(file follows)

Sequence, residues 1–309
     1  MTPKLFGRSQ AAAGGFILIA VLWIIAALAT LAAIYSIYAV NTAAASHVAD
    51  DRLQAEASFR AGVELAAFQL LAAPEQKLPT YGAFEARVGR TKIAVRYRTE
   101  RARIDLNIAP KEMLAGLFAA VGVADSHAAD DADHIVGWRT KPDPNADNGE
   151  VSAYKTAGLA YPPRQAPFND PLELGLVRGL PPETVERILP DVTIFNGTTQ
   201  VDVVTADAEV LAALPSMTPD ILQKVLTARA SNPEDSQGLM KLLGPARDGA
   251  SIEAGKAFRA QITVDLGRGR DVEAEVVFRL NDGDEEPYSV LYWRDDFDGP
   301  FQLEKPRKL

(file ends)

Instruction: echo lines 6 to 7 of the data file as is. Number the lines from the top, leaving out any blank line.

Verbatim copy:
   201  VDVVTADAEV LAALPSMTPD ILQKVLTARA SNPEDSQGLM KLLGPARDGA
   251  SIEAGKAFRA QITVDLGRGR DVEAEVVFRL NDGDEEPYSV LYWRDDFDGP